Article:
President Barack Obama and Massachusetts governor Deval Patrick, left,… (Kelvin Ma / EPA )
Reporting from Boston — President Obama laid out a broad case Saturday for rejecting Republican candidates in the upcoming midterm elections, accusing his political opponents of cynically refusing to cooperate in difficult times while accepting help from secretive special-interest groups pumping millions of dollars into various campaigns.
Obama spoke at a rally for a longtime political ally and friend, Massachusetts Gov. Deval Patrick, who is locked in a tough reelection campaign against Republican Charlie Baker. The president also spent part of his quick trip to Boston at a fundraising event for the Democratic Senatorial Campaign Committee. A Democratic official said people paid up to $30,400 apiece to attend a VIP reception and have their picture taken with the president.
With unemployment at nearly 10% and people anxious about job security, Obama has struggled to articulate a single compelling message for keeping Democrats in power. At the Patrick event, he rolled out a range of arguments for voting against Republicans on Nov. 2.
While he and fellow Democrats labored to fix the economy, he said, the Republican leadership watched from a safe distance, hoping they would founder.
Speaking to more than 15,000 people at the Hynes Convention Center, Obama said that Democrats were enmeshed in the "grinding, frustrating work of delivering change inch by inch, day by day."
Republicans, in turn, made the "tactical decision" that if they stay "on the sidelines and don't lift a finger to help ? they figured they could ride people's anger and frustration all the way to the ballot box," Obama said.
Obama reverted to a favorite metaphor, saying he and other Democrats had been down in the ditch trying to get the battered car going while Republicans fanned themselves and enjoyed Slurpees.
Now that the metaphorical car' is on the mend, "they can get in and ride with us if they want, but they've got to get in the back seat," Obama said.
The president's speech was interrupted by hecklers who shouted their disapproval over his AIDS funding policies. That touched off a counter-chant of "four more years" from supporters of Obama and Patrick.
Obama, wearing a jacket but no tie, stared at the demonstrators, who held up a sign that read, "Keep the promise."
"Take a look at what the Republican leadership has to say about AIDS funding," the president challenged.
Obama renewed a charge that special-interest groups aligned with the Republicans were spending huge sums of money in the campaign without revealing their donors. Because the source of funds is unknown, "foreign-controlled corporations" could be underwriting the TV ad buys, Obama said.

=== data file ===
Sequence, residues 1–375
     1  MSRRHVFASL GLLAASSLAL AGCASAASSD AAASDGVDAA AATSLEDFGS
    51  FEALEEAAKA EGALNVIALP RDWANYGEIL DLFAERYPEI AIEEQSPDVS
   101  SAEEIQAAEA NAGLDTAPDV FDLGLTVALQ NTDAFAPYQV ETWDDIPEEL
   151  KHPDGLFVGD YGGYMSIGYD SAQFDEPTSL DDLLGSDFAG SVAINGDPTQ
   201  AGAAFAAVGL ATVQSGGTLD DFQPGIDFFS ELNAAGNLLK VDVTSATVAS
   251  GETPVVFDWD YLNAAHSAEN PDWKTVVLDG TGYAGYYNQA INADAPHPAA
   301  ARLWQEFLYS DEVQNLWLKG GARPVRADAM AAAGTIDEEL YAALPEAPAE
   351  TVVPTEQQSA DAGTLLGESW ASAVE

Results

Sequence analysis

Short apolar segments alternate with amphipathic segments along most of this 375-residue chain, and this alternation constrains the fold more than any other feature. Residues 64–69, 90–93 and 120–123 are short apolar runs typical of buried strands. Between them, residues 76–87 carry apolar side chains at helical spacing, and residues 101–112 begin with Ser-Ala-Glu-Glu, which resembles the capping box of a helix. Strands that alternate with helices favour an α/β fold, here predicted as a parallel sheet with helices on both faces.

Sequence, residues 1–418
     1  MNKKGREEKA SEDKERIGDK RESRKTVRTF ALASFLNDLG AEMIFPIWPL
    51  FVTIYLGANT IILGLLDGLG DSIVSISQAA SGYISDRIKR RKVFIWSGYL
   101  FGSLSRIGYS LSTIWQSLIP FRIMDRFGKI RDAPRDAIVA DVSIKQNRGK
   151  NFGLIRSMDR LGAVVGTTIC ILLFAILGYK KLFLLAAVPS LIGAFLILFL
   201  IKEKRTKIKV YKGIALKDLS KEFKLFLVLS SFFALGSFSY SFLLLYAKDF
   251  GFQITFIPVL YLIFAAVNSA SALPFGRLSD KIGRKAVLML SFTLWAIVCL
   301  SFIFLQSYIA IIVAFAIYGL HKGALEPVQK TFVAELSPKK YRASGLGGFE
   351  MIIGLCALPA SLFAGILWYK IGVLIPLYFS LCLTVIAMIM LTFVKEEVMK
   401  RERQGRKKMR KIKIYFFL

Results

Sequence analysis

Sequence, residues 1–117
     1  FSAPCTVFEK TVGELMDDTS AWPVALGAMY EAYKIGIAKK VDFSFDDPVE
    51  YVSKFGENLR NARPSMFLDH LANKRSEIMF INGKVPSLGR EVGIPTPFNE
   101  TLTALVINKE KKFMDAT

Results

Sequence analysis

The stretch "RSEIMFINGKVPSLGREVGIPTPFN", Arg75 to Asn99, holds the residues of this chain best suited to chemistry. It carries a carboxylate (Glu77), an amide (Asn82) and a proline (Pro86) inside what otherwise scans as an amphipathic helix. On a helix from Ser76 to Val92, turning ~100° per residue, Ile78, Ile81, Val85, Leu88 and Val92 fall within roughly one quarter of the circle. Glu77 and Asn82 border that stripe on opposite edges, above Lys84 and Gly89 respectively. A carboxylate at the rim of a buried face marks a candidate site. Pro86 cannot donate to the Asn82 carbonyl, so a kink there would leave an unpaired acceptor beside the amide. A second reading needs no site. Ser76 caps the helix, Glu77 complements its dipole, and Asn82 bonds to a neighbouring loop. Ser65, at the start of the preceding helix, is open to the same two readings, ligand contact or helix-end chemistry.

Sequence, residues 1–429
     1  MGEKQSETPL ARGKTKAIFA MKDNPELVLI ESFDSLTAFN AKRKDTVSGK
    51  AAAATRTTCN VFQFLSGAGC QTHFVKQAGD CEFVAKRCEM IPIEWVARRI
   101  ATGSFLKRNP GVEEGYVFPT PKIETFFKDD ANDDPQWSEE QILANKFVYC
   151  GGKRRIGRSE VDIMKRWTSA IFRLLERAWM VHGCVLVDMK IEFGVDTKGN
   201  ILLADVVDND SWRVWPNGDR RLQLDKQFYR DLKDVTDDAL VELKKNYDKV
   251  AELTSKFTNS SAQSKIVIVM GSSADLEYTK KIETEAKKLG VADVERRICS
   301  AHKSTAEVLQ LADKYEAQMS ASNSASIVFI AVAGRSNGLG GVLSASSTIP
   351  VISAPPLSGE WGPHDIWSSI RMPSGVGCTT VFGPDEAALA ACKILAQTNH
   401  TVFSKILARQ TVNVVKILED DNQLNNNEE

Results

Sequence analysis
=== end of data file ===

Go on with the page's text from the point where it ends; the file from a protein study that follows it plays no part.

"They don't even have the courage to stand up and disclose their identity," he said. "They could be insurance companies, they could be banks, they could even be foreign-controlled corporations -- we will never know."
The White House has faced a backlash over such attacks. Critics have said that Democrats have yet to produce concrete evidence that foreign money is fueling campaign attack ads.
They've also said that with the economy in such wretched shape, Obama is distracting voters from deeper problems by focusing on campaign finance disclosure.
Obama's visit to Boston testifies to his special connection to the Massachusetts governor.
Patrick worked in the Clinton administration in the 1990s, yet when it came time to endorse a candidate in the Democratic presidential primary in 2008, he chose Obama over rival Hillary Rodham Clinton.
A recent poll by Suffolk University showed Patrick leading Baker by 7 points.
Partisan emotions were strong at the rally. Before Obama spoke, the audience heard from Rep. Edward J. Markey, a Massachusetts Democrat.
Markey, in a reference to Delaware Senate Republican candidate Christine O'Donnell, said, "We have gone from Democrats who say, 'Yes we can!' to Republicans who say, 'Yes, wiccan.'"
O'Donnell has said that when she was young, she "dabbled" in witchcraft.
With election day about two weeks away, Obama is stepping up his campaign travel, flying across the country to raise money and stump for Democratic candidates. On Sunday he and First Lady Michelle Obama are attending a rally at Ohio State University in what will be the president's 11th visit to the perennial swing state since he took office.
On Wednesday he leaves the White House for a three-day Western swing that includes stops in Los Angeles, Las Vegas and Portland, Ore.